The Ghosts of Cargin Castle: Part II
We have now spent a week at Carrigain, sometimes called Cargin Castle. After our week at Carrigain Castle we discovered many haunting stories. I have already done one blog post on the castle and I promised a ghost story. The first ghost story comes from David Scully, the boatsman. He has been helping patrons of Cargin Castle for years now and he recalls helping one woman who was traveling through Ireland on her own. She went fishing with David a couple of times and was very friendly. The woman had recently had a spiritual crisis. She had left the Mormon religion and become an atheist as she was utterly disillusioned with the notion of spirituality and the supernatural from her experiences with the Mormon Faith. She may have stayed that way if it weren’t for the ghosts of Carraigin Castle. One morning she called David in desperation. She told him she couldn’t stay at the castle any longer. When Davie asked why she told him that she had come to the castle believing that death was the end of all things, but after a few nights alone in Carraigin Castle she knew that death was only the beginning.
During our stay, we didn’t have any shocking supernatural experiences. I rarely do. I have walked through places that others have called the most haunted in the world and seen nothing. I have slept in haunted rooms and wandered through many cursed places alone at night and seen nothing. Cargin Castle was not much different. The only difference was my son, who has watched me chase ghosts since he was little and has come to believe ghosts are nonsense. However, here at Cargin my son became so afraid he asked me to sleep in the lower level bed chambers with him for one night. He wouldn’t tell me why, he just said there was something here. I felt it too. It was something intangible that passed with the week. Lights turned on and off . I had bad dreams and heard footsteps. All these things could be explained away, but I think there is something here.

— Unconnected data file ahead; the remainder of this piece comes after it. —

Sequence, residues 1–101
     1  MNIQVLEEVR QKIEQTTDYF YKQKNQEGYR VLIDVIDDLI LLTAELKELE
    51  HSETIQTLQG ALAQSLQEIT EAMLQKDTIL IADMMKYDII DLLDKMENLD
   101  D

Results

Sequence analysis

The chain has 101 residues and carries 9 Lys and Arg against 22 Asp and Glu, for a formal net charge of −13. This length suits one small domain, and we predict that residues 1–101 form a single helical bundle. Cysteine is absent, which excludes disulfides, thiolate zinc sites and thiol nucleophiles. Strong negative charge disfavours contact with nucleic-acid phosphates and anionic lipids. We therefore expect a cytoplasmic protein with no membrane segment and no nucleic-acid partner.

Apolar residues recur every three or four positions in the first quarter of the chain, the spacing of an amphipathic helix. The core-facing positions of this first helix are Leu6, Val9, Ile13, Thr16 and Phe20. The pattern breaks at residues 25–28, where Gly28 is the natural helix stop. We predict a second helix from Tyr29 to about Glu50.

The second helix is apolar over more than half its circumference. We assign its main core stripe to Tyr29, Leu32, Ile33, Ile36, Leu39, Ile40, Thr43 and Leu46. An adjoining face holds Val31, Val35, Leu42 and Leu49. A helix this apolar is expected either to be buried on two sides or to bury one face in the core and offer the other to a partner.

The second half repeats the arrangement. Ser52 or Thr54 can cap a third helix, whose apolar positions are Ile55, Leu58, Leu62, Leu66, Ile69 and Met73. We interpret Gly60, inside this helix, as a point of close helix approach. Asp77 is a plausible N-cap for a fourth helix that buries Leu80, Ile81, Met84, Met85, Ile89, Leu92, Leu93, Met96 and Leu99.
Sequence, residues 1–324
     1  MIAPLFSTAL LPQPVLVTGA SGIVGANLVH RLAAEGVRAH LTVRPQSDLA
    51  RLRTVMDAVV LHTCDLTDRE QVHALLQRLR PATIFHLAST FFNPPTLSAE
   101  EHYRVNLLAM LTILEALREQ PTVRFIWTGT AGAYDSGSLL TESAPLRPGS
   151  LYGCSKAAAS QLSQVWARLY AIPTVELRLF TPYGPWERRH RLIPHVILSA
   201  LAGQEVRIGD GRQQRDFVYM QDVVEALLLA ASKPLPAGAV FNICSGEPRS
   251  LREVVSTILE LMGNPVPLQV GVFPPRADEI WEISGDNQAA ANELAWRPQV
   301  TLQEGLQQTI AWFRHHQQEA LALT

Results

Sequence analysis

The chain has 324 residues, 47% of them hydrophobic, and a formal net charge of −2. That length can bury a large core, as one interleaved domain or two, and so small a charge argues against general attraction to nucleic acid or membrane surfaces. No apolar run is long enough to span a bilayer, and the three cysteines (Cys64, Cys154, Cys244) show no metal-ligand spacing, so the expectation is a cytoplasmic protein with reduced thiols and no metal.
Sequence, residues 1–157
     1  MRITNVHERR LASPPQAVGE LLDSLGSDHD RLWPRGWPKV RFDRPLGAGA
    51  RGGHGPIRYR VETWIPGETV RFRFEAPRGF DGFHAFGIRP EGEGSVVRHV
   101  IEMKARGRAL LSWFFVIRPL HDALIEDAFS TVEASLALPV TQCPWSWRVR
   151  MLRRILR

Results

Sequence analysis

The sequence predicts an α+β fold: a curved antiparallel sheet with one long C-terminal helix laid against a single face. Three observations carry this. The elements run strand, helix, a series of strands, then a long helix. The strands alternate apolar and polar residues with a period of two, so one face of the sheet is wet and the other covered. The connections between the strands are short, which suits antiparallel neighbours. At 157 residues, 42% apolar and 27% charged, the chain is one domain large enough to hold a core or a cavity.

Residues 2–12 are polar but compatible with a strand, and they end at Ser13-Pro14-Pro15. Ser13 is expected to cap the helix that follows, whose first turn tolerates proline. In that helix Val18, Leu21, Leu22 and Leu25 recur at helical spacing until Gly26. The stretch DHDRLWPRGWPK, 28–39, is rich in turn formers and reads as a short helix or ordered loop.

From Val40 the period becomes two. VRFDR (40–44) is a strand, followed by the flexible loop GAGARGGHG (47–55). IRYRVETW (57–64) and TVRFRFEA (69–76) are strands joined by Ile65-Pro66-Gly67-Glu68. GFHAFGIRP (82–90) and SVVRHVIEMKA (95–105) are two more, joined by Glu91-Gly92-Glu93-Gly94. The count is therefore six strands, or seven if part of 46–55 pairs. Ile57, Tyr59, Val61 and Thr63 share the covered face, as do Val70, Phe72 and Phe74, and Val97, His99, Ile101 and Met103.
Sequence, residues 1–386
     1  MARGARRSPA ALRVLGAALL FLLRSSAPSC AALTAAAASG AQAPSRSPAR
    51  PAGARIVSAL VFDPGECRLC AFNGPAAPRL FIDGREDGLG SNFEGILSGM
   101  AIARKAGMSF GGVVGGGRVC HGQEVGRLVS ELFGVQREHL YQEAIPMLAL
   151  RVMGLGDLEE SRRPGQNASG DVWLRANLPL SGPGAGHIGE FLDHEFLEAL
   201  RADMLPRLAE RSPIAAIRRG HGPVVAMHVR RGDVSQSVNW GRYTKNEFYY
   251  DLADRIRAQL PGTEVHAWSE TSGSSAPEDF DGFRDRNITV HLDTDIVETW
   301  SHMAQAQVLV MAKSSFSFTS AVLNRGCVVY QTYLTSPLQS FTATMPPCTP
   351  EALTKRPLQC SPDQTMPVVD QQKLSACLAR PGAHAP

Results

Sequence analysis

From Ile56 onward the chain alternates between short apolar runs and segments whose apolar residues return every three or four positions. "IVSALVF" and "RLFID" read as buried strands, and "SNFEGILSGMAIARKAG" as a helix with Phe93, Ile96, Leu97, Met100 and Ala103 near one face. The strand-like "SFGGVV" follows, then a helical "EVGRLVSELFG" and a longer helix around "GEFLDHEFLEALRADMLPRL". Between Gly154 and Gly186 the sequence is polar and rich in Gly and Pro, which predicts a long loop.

Another historical story from this old castle comes again from “Of Beauty Rarest.” It describes an account of the Ormond Rebellion in the 1570s that was written by Emily Lawless.
“Hught thought that he must certainly be still asleep, for nothing was as it had been when he had gone to bed. Doors were broken down, there were red lights everywhere, excited tongues of flame were darting here and there into the rafters, and catching at the bundles of dry rushes; the stairs felt slippery under his feet with revolting slipperiness; there was a stinging smell of gunpowder in the air; and prostrate figures-in attitudes that did not at all look like sleep-lay about at every angle of the stairs. All of a sudden the moon, which had been shinnin in through slit-like windows, dipped and went out behind clouds. It seemed as if something had met its ciew too ugly for it to go on looking at it a moment longer.
One glimpse Hugh had caught, and only one. It was the glimpse which he felt quite sure no rubbing would ever get off his brain again. The great door, sgudded with irnon nails, leading into the hall was half open as he passed in, and instinctively he had glassed in. It was full of armed men, all wearing the short leather coats and red badges of the De Burghs (the family that held Ashfield Castle in Cong).
There were dead bodies about the floor, the bodies of his uncle’s serving men, lying doubled up in every attitude, and nearest the door lay poor, good-natured, red-headed Christ Culkeen, whom he had been dreaming about, his honest mouth wide open, his innocent, sheepish face white and distorted, his eyes turned hideously back in the agony of his last glance; while at the upper end, just where he was in the habit of sitting, tied to one of his own stone pillars by the arms and legs, with a rope around his neck, his forehead streaming blood from a cut which nearly divided it in two, hugh saw his uncle, Sir Meredith. You Huber De Burg, the youngest of the Earl’s two sons- the Mac-an-Iarlas as they were called-was standing right in front of him with a look of satisfaction on his handsome, girlish face, stroking down a dainty moustache with one finger, and smiling pleasantly as he eyed his prisoner. For this was a grudge of many years standing. Had not Sir Meredith been invited to Connaught by the Dr Burghs themselves, who had give this castle of Cargin to keep? And had he not not in spite of this dared to oppose, and even, on more than one occasion of late, defeat them? Cerily, it was a piece of presumption for which he was about to reap a hot and bloody return.”
Indeed there are many reasons for the old castle to be haunted. Even if it is, it is a beautiful place to stay and I hope that I may return someday. It is a magical thing to stay in a castle steeped so deeply in over a half of century of history and to call it your own, even if it is only for a week. I spoke to the owner of Leap Castle last week and I asked him how he felt living in such a haunted place. He said that the Irish didn't call it a haunting. He said his castle and spirits and that most of them were positive. He said spirits were everywhere and there was nothing to fear in them. I think that describes Castle Cargin. It is a place with spirits, but it is a wonderful place.